Good morning! Today we discuss timber sales in Oregon, patronage in Chicago, and speeding down the highway in Atlanta. Did you know June 18th marks the anniversary of the beginning of War of 1812? We have some other random facts today to make you the most interesting LG professional at the water cooler. You’re welcome.
Uber, Lyft, and Telsa vs. the Government
Life as a City Manager’s Child with Kent Wyatt
Assistant to the City Manager – Milwaukie, OR
Webinar: Bringing Google Fiber to Kansas City
Crazy, Exhilarating, Educational in Catawba County (NC)
The Crazy Mixed-Up World of Oregon Property Taxes – Today
Webinar: Performance Excellence – June 19
Field Trip to Beaverton’s New City Hall – June 24
Webinar: Economic Development in North Carolina – June 26
For Worth Has High Expectations for New City Manager.
New Middletown City Manager Named Tonight.
Suprise Council Names CFO as New City Manager.
City Manager Announces Four New Appointments, Including New City Attorney.
New Portland City Manager Named. (Not that Portland!)
Retiring Arlington Heights Superintendent Reflects on her Tenure.
Woodland Hires Interim Police Chief.
1. Localities want more say in Transportation Funding. Federal funding for transportation can be a tricky nut to crack. Local leaders head to the capitol to show national leaders they want a seat at the table and, moreso than that, a dedicated and reliable funding source to cover transportation issues.
2. Will the Smartphone Be The New Ballot Box? Other than hanging chads and computerized voting machines, our democratic process has changed very little since our nation’s birth. Will we see a movement toward mobile voting?
3. The Triumphant Return of Private US Passenger Rail. Beginning in 2016 a new service will run 36 departures per day between Ft. Lauderdale, Miami, and West Palm Beach. The new trains are not your grandfathers locomotives; they will be travelling at 125 mph. Does this model offer a valid option to the rest of the country?
4. A Lot of Seattle Renters Live Alone – But Maybe Not For Much longer. Apartments for single residents have been driving growth in Seattle for years; the City is ranked second in the country in apartments occupied by a person living alone. Some say high rents will bring this number down in the coming years.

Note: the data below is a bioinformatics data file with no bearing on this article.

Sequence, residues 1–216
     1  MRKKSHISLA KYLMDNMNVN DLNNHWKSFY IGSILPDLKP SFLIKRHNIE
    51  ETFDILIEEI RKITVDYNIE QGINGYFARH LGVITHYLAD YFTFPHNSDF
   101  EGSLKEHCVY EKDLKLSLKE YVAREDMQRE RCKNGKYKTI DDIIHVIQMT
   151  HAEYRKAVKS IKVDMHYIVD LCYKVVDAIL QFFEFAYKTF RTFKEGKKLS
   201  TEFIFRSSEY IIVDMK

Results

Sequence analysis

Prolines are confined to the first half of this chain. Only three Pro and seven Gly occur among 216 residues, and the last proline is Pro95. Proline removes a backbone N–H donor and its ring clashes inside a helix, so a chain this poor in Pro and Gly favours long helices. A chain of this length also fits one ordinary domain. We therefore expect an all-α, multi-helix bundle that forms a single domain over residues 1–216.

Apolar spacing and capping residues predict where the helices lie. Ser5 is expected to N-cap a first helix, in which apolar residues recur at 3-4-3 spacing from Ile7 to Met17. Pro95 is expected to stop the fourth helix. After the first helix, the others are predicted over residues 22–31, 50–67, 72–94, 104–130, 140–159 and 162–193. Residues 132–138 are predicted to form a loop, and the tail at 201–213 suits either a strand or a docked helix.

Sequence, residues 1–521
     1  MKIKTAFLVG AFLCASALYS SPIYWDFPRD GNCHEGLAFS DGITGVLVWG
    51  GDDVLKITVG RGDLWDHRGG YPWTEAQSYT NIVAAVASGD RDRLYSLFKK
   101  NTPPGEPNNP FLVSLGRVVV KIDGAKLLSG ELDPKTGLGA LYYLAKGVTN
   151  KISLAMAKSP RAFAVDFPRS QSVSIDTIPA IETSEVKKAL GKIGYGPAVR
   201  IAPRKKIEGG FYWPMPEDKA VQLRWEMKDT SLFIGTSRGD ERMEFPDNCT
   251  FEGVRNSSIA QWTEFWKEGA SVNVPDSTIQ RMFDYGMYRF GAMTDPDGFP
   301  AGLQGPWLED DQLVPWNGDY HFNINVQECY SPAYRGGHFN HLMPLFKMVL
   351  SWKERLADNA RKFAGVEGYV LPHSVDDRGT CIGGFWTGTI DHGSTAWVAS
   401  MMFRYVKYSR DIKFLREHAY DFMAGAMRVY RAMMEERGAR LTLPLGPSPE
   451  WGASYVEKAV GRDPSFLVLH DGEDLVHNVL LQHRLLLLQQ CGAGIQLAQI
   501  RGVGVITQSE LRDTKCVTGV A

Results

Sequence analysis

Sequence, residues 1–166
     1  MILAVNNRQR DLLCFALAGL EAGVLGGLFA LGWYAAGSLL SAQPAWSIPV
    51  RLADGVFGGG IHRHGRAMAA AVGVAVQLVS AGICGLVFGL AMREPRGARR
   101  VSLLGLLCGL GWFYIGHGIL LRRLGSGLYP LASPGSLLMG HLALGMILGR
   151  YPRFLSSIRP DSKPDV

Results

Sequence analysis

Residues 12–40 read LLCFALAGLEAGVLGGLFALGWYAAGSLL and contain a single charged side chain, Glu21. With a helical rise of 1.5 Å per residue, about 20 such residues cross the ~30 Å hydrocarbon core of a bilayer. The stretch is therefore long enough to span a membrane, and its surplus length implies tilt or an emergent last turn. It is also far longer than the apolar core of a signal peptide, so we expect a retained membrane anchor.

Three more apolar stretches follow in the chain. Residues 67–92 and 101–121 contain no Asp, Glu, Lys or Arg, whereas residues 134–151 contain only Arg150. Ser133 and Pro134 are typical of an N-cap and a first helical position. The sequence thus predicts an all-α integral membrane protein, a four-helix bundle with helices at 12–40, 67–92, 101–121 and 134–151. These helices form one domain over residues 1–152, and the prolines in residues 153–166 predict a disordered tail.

5. Crowdfunding for Proposed Breakwater Chicago Funding Complex Exceeds Goal. It took 36 hours for a KickStarter campaign to raise its goal of $30,000 to start funding for a 300 foot off-shore entertainment center. Unfortunately, experts say the facility will not be run by pirates.
Chesapeake Bay States Sign Pact to Improve Nation’s Largest Estuary.
Nahant Official Resigns Amid Probe Into Spending.
Phoenix VA Gave out $10 Million in Bonuses in Past 3 Years.
Arlington Heights Adds E-cigs to smoking Ban.
Oregon Subsidizing Rainier Rail Safety Project. The funding will allow up to 14 more trains to run per month.
Washington County to Refer $30 Vehicle Registration Fee to Voters in November. The fee is intended to cover a $10.5 million shortfall in road maintenance funding. Previous funding mechanisms have relied on the gas tax, which has shown slow growth recently.
Happy Valley In-Fill Project Causes Uproar. A new development inside Portland’s development boundary is stiring controversy. Opponents say the development would rive up traffic counts in the area, congesting traffic.
Mount Hood Are-Timber Sale to Generate 3-years Revenue. The County is selling 340 acres of land south of Highway 26, much to the displeasure of conservationists.
King County to Install Video Systems in Jails for Virtual Inmate Visits. The project, expected to cost $1 million, is expected to make life easier for those looking to see loved ones.
Spokane Fire Department Extends ARY Pilot Program. The Alternate Response Unit uses SUVs staffed by one firefighter to respond to non-emergency calls.
Clark County Stands Pat on Fireworks Rule. With the Fourth of July coming up we all just want to blow something up.
Columbia Basin Salmon Plan Faces New Challenge. The plan from the Federal government is under scrutiny from conservationists, salmon advocates.
Federal Judge Ends Monitoring of City Hall Patronage Hiring. The Windy City will no longer be under the watchful eye federal government, who has monitored hiring practices for 42 years to prevent patronage hires.
Park Ridge Residents Vote on more Money for Library. The annual library tax will officially be on the November ballot, following a 6-1 vote Monday.
University Heights City Council Agree Bond Issue for Public Park Should Go to Ballot. Tuesday night City Council members discussed their support for the project, which will go in front of voters in November.
Hawarden Requests Help From Volunteers. Day of heavy rainfall have pummeled parts of Iowa. Cities are now looking for volunteers to help clean up in the aftermath.
South by Southwest
Higher Speed Limit Coming to I-285 North. Commuters in Atlanta will be happy to hear the speed limit will be increased in September, depending on traffic patterns at any given time.
Two-Way Traffic Coming to Four Downtown Raleigh Streets. City Council agreed deigns last night to bring back two-way traffic on several streets downtown, citing revitalization as a driving concern.
Walkout Forces Durham’s Anti-Poverty Project Rethink. Roughly a dozen residents staged a walkout from the Mayor’s poverty-relief program, saying they feel undervalued in the process.
Powhatan Leaders Fore School Board to Scrap Retirement Plan. Tensions between the School Board and the Board of Supervisors has peaked as accusations of a cover-up swirl.